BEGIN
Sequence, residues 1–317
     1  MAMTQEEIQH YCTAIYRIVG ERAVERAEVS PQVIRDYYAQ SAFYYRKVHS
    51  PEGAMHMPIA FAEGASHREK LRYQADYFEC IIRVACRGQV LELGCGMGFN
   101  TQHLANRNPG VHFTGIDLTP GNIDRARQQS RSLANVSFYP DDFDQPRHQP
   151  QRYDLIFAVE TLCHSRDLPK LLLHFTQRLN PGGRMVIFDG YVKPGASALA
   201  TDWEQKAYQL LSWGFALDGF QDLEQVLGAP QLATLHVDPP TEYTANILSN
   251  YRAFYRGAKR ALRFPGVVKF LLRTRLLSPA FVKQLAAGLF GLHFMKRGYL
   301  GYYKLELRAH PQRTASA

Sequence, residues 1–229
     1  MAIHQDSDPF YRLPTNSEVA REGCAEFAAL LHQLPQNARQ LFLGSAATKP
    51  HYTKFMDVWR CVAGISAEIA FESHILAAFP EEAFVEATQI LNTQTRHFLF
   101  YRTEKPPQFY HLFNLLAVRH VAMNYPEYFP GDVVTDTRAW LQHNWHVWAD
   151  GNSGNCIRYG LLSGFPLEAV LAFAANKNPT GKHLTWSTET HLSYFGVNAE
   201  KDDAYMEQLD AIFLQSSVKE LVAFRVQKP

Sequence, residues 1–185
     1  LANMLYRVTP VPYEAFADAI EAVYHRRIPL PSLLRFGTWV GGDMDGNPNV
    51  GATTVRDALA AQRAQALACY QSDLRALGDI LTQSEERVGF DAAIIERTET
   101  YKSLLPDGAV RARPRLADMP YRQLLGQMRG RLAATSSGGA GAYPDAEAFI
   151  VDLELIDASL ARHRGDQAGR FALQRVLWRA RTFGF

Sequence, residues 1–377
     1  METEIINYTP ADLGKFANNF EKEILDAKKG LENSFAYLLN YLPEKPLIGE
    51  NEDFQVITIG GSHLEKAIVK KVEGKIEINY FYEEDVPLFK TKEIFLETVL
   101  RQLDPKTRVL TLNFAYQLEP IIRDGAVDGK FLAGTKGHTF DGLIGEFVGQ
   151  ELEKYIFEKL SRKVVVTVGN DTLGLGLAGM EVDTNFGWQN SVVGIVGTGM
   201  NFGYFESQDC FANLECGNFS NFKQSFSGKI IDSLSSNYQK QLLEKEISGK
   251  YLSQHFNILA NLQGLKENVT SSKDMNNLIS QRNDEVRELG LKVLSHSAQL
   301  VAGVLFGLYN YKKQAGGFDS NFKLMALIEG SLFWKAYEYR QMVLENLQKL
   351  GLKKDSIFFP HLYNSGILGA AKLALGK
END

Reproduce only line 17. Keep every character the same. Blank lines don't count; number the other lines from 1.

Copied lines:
    51  GATTVRDALA AQRAQALACY QSDLRALGDI LTQSEERVGF DAAIIERTET